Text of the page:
Contemplating the state of the modern superhero movie is probably one of the activities destined for me in hell, which might explain why I ended up doing it on a 12-hour-long flight last week. At a certain threshold of sustained boredom, you don’t actually want the ennui to be broken, only punctuated.
Captain America: The Winter Soldier was diverting enough—lots of “now kiss” moments between Chris Evans and Anthony Mackie, liked the paranoid suggestions of ’70s political thrillers—but not even sensory deprivation could get me through that Thor sequel from last year. The high-fantasy psychedelia developed by Jack Kirby and Walt Simonsonhad been bronzed into bland realism, Game of Thrones with more advanced metalworking, much of it seeming to take place in some soupy netherworld. Captain America can make something of that militaristic aesthetic, even if its title character leaps around wearing an American flag, but running another dozen Marvel movies through the same colour filters reveals the Lego-like structure of their master narrative. Is this all it takes to delight nerds now? An auteur brand?
I read Young Adult literature, in theory, for work. I sell books and write about them in equal measure, and stories about teen girls have become my beat. Knowing what’s big and popular in the field is how I pay my rent. This is the line I give when I sheepishly try to explain my bookshelf to anybody visiting my apartment.
I read Young Adult literature, in practice, for myself. One may not be able to survive on YA fiction alone, and yet these are the books I frequently reach for at the end of the day. They are books generally crafted to appeal to burgeoning readers: all killer, no filler, and yet, when done right, never at the sacrifice of good storytelling. It’s a genre that lends itself well to—well, other genres.
In the events of the last few days, it’s important to insist on the primacy of one fact: the events in Ferguson, Missouri, all flow from the shooting of Michael Brown, an unarmed black teenager, and the local police department’s refusal to treat this traumatic event with even the basics of decency and respect owed the community they’re responsible for protecting and serving, without fear or favour.
It’s that trauma that put people in the streets, marching into the teeth of what can only be called a police riot, with protesters abused and (less importantly, but more visibly) reporters arrested for the crime of asking which door of a McDonald’s to exit from.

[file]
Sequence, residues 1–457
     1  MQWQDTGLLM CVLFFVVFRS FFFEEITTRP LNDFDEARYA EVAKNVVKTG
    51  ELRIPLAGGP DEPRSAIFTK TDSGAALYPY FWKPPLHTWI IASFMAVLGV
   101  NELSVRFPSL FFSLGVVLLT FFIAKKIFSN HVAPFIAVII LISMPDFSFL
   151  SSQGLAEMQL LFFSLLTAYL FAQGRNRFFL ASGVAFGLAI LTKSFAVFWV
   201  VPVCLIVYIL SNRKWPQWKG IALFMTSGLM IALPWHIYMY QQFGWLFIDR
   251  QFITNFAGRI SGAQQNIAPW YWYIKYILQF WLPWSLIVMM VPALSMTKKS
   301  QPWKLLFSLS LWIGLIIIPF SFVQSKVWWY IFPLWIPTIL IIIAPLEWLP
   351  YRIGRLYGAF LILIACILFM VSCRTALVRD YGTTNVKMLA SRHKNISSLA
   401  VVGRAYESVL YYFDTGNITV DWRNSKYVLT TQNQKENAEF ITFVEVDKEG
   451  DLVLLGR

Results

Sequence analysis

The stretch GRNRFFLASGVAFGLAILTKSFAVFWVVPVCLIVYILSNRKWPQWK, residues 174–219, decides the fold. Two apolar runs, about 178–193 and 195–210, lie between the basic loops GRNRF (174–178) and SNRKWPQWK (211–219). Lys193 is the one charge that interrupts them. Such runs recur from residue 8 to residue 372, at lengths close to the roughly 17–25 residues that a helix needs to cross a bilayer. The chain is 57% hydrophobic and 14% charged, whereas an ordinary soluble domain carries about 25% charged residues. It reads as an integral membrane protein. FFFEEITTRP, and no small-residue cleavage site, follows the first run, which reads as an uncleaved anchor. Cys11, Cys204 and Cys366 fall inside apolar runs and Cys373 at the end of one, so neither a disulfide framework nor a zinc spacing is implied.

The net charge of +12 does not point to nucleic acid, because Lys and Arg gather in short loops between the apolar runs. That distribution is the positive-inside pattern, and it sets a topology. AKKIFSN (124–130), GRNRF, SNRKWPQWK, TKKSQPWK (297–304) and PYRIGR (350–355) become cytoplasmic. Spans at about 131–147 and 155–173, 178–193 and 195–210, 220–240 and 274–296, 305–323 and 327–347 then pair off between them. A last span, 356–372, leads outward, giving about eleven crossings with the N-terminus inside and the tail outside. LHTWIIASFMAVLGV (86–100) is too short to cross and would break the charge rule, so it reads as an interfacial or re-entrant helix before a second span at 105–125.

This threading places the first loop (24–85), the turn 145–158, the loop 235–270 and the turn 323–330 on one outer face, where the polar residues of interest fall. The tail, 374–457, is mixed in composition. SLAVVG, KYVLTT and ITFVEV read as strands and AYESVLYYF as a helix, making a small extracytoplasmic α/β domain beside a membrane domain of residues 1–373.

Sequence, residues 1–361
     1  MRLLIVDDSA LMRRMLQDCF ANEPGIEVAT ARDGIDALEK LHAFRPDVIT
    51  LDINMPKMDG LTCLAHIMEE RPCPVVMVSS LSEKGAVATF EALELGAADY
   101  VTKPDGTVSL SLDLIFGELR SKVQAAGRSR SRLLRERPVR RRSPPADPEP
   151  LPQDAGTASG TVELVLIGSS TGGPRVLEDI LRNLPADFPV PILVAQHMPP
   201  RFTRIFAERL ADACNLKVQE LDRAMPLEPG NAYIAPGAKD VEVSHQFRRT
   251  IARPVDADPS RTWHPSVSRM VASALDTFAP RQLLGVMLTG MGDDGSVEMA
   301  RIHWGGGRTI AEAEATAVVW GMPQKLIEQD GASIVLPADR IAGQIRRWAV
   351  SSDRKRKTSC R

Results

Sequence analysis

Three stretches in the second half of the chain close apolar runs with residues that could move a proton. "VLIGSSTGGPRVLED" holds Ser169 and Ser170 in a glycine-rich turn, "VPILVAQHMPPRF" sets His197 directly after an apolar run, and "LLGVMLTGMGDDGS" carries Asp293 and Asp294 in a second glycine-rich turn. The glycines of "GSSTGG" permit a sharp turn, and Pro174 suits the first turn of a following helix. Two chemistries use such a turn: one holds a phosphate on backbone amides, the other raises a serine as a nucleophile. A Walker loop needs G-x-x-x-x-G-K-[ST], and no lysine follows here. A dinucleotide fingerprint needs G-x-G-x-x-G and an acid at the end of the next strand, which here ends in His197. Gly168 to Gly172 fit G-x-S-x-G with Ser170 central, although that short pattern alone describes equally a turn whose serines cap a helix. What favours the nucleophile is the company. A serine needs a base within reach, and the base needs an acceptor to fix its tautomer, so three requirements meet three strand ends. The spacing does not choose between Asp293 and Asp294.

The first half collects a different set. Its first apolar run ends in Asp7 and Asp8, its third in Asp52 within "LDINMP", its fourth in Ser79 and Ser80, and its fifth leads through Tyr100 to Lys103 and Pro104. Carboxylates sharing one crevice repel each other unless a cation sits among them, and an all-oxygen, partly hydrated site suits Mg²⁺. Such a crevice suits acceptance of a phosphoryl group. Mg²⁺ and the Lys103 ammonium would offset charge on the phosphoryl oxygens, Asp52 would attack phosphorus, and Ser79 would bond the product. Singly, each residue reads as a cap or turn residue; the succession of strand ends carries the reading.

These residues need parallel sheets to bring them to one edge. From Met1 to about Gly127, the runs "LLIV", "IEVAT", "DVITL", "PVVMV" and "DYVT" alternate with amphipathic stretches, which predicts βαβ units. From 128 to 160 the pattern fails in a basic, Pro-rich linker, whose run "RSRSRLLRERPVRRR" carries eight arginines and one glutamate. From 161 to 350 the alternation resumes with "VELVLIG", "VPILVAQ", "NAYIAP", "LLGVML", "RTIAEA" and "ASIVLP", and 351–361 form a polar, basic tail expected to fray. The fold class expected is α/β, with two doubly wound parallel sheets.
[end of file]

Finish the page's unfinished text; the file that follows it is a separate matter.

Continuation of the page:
Let’s say you’re an utterly humourless individual with a zeal for self-improvement. Not to worry! A quick Google search for “how to have a sense of humour” leads you to a wikiHow page that helpfully lays out how to do exactly that in just six steps. When is a good time to laugh? As someone new to laughter, will I find some things funnier than other things? Should I “take in a funny movie or YouTube clip on occasion”? All questions are answered. “Having a sense of humor is one of the greatest assets a person can have,” the guide asserts. “If you don’t have a sense of humor, you have a lot to learn!”
Written like an instruction manual for being a functional human, the guide is as bizarre and useless as it sounds, with suggestions like “making bad puns such as those in Airplane (‘I’m not kidding, and don’t call me Shirley’) can be used anywhere.” What’s interesting is how quickly the how-to guide bumps into serious complications in defining what we usually assume is a basic, easily understood concept.
The best and worst advice I have ever gotten has always come from my father. In the seventh grade, I told him about a girl who was bullying me, and he calmly suggested I just punch her in the face, which I did, and was promptly suspended. On one hand, it worked, but on the other, I was suspended. But the point is: it worked.
Hillary Clinton has done us the service of providing a look at how she, like all senior politicians seeking the White House when the incumbent is a member of her own party, will distinguish herself from a President she supports: by pretending she was never defeated in the 2008 Democratic Party primaries in the first place.
To back up a little: On Sunday, The Atlantic published an interview with Clinton by Jeffrey Goldberg, in which the former Secretary of State suggested Obama should have armed the opposition to the Syrian Assad regime. In the same interview, Clinton added a not-too-veiled criticism of what may as well be the Obama Doctrine: “Great nations need organizing principles, and ‘Don’t do stupid stuff’ is not an organizing principle.”
It is kind of depressing that this discussion still needs to happen in 2014.
At a certain point in your schooling, your English teacher probably told you something about context clues, the words and phrases you can use to help suss out the meaning of a word you don’t recognize—basically the codified version of the desperate flailing for meaning we all engage in with language. At a certain point last week, we learned that a surprising number of people don’t register the phrase “dogboner” as something that might denote sarcasm, or, at least, a person who might sometimes be less than sincere.